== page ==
A startled UK regulator has vowed to act after a BBC reporter found he was still able to gamble in betting venues – despite his photo being circulated to shopkeepers for his own exclusion.
The ambitious and unsophisticated Multi-Operator Self Exclusion Scheme (or MOSES) – which was implemented by the Senet Group with UKGC backing in 2016 – requires betting shop staff to physically check all customers that walk in against a database of names and photos flagged for self-exclusion.
Yet when a BBC Five Live reporter tested the scheme, he found himself still able to gamble in 16 different venues before being noticed by staff.
The UK Gambling Commission responded with “concern” and immediately announced a fresh inquiry.
“It really is getting to the stage where there is nowhere to hide for businesses who don’t take this seriously,” said Sarah Harrison.
The ABB, meanwhile, acknowledged the system was “not without its flaws” – but argued that the test was “artificial,” given the inherently personable means of excluding someone.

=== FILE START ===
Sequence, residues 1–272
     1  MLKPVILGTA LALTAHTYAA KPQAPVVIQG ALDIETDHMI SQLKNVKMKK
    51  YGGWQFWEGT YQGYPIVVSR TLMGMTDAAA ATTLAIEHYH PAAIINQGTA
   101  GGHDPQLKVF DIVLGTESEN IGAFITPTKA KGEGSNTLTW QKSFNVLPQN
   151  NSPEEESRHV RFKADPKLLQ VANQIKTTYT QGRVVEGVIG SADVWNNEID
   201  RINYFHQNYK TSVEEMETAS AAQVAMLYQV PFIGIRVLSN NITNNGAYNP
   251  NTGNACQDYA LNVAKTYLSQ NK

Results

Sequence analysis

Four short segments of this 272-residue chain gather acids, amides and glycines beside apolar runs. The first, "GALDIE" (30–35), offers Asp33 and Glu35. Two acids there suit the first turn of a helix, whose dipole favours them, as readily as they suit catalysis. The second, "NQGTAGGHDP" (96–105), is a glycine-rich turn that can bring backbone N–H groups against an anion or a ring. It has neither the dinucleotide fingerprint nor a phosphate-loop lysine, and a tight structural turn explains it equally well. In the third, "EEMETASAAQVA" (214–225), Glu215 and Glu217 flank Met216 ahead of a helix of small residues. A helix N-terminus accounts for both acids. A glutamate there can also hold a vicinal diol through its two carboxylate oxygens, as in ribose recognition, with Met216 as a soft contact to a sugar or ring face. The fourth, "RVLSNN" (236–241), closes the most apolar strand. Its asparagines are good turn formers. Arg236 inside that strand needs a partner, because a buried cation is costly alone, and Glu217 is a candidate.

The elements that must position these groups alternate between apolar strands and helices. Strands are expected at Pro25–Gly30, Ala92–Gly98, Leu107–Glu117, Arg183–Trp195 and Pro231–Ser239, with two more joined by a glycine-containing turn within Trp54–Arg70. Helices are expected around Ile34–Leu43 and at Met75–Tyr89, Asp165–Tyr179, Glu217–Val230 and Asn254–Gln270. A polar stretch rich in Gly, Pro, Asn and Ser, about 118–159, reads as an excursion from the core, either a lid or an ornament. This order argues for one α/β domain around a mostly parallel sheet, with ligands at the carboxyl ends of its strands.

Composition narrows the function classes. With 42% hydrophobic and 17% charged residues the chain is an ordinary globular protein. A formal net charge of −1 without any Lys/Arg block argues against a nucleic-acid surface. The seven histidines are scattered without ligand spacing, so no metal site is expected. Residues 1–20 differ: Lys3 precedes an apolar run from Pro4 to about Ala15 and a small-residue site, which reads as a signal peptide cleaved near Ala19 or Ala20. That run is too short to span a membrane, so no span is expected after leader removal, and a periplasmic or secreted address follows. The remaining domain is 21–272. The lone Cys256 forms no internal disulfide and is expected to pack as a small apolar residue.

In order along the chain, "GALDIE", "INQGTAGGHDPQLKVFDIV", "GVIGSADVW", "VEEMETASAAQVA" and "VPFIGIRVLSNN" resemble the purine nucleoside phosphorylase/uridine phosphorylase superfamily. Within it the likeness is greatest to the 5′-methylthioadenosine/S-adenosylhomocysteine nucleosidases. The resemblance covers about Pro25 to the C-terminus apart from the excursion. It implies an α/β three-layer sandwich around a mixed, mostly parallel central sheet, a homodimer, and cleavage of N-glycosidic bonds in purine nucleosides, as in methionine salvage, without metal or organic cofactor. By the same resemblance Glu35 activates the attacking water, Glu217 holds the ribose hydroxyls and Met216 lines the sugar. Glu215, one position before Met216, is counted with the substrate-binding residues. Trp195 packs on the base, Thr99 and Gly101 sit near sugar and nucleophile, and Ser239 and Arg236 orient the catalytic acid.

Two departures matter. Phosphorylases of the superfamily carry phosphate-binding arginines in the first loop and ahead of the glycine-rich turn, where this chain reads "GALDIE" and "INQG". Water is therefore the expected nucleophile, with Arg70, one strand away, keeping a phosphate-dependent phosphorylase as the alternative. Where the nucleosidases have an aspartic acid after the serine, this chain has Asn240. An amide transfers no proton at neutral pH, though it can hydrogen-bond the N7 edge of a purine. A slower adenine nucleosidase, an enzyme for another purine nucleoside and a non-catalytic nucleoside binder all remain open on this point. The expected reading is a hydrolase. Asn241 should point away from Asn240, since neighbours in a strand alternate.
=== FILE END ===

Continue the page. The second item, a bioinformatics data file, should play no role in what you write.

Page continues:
“By its very nature those who self-exclude are normally known to the staff in
the shops they exclude from,” said the trade association. Whereseas the reporter “was not a problem gambler” and so “was not previously known to shop staff.”
For gaming consultant Steve Donoughue, the furore around MOSES is at once unsurprising – and emblematic of both the ill-conceived measures and knee-jerk appall from the Gambling Commission, that has become routine.
“Ultimately the blame for this must lie with the Gambling Commission. It was they who allowed the inherently flawed system that Moses is to go forward,” said Donoughue. “It is they who backtracked from imposing a nationwide self exclusion scheme and allowed a local scheme based on mugshots being faxed to nominated shops even though such systems have proven flawed for decades.”
“It is not [operators’] fault that unlike the rest of Europe there is no ID card scheme that allows for simple checking on a register upon entrance.”
Notwithstanding the lack of evidence that self-exclusion actually reduces problem gambling, he added: “Some evidence even shows that those who self exclude become more problematic.”